You couldn't call the Houston reps the hottest bands in town; conspicuously absent from this list are people like John Evans and Davin James (of course, those two guys are probably too busy and successful to sacrifice a weekend of higher-paying gigs). But they are bands who have worked hard and haven't been too proud to humble themselves before tiny audiences on the road -- even Rusted Shut fills that bill. Grulke says bands that don't play Austin are unlikely to get picked.
"Whether it's fair or not, the Houston acts that we tend to book are the ones that are working musicians that have toured and played Austin, or are attached to labels that we are aware of or whatever. Just because of the numbers, it's become less likely that we think, 'Oh, well, we have to make sure that the Houston scene is well represented.' "
So is it time for a Houston music affirmative action program? Grulke chuckles. "What you say has certainly made me more cognizant of the problem."
Unlike Dallas and Austin, Houston has very few labels, and that leaves musicians to lobby for themselves. "I don't get many calls from very many Houston labels that say they'd like to be involved," Grulke says. "That's a big part of it. If there's not a business infrastructure, we just get a press kit from a band and we listen to it and grade it, but that might not be a very good measure of where an artist really is. With Austin acts, we know where they play in town and we know whether or not they have audiences, and with Dallas acts we are increasingly aware of their management and labels."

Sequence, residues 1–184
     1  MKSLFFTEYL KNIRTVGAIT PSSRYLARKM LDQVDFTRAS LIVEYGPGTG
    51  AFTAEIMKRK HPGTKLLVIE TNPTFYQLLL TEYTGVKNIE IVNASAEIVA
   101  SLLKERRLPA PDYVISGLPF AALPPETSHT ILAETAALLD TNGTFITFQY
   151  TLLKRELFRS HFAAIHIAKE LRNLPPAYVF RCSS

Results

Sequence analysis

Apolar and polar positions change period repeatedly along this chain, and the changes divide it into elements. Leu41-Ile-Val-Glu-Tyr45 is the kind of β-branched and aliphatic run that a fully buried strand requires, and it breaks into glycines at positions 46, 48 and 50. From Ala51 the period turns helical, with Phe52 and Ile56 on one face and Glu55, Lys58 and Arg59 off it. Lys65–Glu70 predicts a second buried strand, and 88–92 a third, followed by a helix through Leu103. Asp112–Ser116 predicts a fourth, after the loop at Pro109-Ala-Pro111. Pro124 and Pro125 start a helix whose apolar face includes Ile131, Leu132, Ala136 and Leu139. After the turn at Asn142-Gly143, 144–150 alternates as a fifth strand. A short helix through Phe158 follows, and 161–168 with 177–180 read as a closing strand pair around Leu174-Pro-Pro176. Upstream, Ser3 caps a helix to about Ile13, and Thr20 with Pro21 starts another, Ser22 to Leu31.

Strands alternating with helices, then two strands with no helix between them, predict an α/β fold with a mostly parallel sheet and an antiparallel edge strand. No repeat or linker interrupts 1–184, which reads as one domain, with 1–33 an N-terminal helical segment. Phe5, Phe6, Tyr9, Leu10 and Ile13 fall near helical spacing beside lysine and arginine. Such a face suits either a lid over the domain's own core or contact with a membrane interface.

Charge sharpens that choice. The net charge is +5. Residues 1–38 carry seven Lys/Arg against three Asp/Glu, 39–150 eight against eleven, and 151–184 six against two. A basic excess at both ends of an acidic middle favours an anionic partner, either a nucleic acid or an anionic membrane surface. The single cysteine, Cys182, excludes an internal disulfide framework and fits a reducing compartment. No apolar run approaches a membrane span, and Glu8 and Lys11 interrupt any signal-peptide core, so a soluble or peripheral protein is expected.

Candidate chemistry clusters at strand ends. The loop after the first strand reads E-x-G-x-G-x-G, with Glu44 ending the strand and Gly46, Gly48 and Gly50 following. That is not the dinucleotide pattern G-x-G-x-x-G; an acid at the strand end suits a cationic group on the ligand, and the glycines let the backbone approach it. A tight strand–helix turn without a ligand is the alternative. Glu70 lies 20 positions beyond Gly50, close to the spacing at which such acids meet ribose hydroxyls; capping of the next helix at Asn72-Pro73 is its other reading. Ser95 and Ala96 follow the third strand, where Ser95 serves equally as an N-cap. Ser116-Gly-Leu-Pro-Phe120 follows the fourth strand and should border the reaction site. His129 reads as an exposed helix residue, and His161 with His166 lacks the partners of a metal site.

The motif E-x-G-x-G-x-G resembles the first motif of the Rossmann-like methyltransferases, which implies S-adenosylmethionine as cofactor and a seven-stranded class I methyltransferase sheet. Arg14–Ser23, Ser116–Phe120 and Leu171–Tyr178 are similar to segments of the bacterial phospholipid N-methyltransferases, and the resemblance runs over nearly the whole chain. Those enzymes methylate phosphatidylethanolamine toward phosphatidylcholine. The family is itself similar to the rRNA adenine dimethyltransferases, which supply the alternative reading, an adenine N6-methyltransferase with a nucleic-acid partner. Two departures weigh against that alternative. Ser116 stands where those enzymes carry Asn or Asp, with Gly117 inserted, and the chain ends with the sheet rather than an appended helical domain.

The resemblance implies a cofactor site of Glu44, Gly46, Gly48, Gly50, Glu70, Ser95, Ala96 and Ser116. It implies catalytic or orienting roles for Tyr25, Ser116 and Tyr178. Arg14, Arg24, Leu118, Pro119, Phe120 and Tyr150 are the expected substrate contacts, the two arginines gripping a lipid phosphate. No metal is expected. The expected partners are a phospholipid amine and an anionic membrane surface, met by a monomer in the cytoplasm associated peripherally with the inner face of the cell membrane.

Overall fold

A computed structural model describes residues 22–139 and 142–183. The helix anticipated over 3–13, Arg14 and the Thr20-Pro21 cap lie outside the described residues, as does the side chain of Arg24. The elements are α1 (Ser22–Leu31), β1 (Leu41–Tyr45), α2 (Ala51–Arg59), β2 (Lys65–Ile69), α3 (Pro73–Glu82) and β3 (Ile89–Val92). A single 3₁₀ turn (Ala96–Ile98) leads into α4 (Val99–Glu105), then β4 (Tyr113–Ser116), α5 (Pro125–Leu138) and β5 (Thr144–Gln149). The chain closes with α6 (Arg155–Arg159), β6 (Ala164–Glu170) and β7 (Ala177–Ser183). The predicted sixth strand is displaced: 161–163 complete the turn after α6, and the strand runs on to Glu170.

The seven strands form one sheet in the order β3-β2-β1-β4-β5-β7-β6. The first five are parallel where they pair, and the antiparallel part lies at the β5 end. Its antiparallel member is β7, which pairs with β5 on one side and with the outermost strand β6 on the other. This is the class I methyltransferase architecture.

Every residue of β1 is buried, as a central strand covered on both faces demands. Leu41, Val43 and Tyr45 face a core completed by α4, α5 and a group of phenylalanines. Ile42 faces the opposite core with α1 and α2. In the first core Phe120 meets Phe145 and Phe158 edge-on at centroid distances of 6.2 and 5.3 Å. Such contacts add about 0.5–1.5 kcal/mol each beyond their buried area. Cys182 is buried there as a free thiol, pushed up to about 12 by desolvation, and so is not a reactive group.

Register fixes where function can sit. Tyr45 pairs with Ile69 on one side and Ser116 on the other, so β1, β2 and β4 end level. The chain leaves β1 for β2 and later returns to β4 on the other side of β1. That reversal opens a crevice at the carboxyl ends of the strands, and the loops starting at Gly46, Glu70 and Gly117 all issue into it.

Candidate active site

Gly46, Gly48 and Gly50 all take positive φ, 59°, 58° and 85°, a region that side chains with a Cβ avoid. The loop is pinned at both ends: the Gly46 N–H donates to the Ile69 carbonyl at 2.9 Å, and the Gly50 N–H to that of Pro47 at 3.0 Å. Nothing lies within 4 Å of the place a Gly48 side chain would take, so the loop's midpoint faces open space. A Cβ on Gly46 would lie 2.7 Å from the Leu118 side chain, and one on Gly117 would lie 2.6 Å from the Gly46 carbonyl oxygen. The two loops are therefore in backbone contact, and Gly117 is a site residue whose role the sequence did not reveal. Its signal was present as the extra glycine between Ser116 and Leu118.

Grulke is fascinated and amused by the regionalism perpetuated by alt-media types like Racket. He thinks the stereotypes are mostly outdated. "When I think of Houston in terms of a music business place, a music scene, the concept is still kind of amorphous," he says. "Whereas Dallas has traditionally been where you find these professional bands and labels, and Austin is the bohemian place where you make music for love and not money. None of these are entirely accurate -- certainly they are increasingly inaccurate. Houston hip-hop artists have been among the most commercially successful that Texas has produced in the last decade."